As with Hiroshima and Nagasaki before, this was a place of international remembrance, and it was clear the cobbled ground would occasionally be populated by rows seating for visiting dignitaries. Flagpoles for each nation stood empty but ready, and plaques were set into the ground in every language, a mirror of the same message over and over.
In total, it was estimated that 1.5 million people passed through the three Auschwitz camps over the seven years of occupation. We were given a little time to stand and read in our own languages the message of caution to the world, off our respective rain-splattered plaques, and think.
The insides felt like a relief from the cold and the wet outside, but they could not have been much comfort for their original residents. Barely enough room had been apportioned for each person to sleep, several bunks high, with small, dusty windows letting in precious little light, casting ghostly patterns on the ashen-coloured concrete structure within, and dimly illuminating the huge wooden structure of the timber roof above - where any heat would retreat to, out of reach of the freezing prisoners in the darkest depths of winter.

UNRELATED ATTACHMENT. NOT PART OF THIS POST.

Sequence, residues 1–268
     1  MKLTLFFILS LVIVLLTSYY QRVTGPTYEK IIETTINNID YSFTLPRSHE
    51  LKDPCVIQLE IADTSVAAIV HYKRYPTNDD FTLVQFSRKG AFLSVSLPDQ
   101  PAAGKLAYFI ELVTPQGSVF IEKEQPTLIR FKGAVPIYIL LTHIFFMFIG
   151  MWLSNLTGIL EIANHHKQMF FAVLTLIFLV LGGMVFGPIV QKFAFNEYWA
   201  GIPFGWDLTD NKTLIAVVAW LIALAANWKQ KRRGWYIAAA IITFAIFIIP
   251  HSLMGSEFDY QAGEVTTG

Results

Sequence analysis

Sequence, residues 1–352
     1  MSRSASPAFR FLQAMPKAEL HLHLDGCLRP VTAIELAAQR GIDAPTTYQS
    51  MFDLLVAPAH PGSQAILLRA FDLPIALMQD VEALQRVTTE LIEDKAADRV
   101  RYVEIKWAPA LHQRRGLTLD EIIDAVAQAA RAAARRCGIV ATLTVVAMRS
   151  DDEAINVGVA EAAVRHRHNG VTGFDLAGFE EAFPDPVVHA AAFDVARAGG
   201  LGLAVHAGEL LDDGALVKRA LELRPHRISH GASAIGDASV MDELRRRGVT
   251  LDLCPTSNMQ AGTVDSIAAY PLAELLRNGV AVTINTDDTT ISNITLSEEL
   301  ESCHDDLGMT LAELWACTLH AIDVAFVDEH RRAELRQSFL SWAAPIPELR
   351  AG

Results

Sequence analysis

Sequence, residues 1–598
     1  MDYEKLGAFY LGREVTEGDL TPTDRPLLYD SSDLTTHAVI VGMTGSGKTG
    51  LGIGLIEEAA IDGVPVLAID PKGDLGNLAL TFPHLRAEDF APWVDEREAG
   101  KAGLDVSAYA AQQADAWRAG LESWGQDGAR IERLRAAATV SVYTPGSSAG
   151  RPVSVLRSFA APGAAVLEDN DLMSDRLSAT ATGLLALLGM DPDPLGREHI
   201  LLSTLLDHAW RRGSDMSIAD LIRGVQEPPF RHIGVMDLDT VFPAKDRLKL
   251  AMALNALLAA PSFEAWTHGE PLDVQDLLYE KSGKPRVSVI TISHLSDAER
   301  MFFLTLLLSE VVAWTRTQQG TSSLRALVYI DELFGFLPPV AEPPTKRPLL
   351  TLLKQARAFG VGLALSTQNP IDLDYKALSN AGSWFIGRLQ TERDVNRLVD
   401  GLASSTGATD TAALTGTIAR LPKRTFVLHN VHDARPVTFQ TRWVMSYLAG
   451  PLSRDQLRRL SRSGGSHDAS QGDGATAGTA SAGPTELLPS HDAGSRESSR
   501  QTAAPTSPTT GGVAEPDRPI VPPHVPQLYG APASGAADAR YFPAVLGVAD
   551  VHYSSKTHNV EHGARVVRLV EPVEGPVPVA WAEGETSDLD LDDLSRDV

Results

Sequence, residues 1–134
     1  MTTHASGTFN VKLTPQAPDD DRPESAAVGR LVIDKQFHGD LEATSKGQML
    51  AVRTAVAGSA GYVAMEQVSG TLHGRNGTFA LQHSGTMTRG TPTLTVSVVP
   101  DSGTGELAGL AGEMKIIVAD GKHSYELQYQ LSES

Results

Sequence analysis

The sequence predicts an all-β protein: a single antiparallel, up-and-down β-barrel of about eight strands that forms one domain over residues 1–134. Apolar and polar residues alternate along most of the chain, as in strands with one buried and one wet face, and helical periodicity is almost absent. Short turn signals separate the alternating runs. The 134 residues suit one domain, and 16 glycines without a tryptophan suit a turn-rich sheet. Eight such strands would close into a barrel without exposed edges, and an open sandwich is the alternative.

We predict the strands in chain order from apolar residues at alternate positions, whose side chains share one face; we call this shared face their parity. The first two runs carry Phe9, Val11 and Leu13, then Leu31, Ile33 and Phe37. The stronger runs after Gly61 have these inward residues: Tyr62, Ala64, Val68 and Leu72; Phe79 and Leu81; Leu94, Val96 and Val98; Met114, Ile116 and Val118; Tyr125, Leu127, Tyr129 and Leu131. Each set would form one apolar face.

The rain never really stopped, but abated enough for us to chance en masse a trot back towards the entrance, stopping off briefly at the huge communal latrines. During use, the prisoners would have to defecate together in large groups - no privacy was permitted, as you would have to sit cramped together in long rows on a cold concrete pot. As bad as the job of cleaning them would have been, we were told that the few prisoners who had that unenviable task were among the lucky ones as aside from the obvious ickyness, it was one of the easier jobs in the camp.
With some gratitude, we finished the tour and emerged out through the guard entrance into freedom once more, where kids waiting for their parents in the souvenir shops balanced on walls and messed around. We have never had it so easy.
Our day had one final stop. As the sun hovered midway between the heavens and the horizon, we took the little bus about an hours' drive to the Wieliczka Salt Mine. After the heavy emotional load around our necks, it would be a duller, but lighter and welcome change to the subject matter.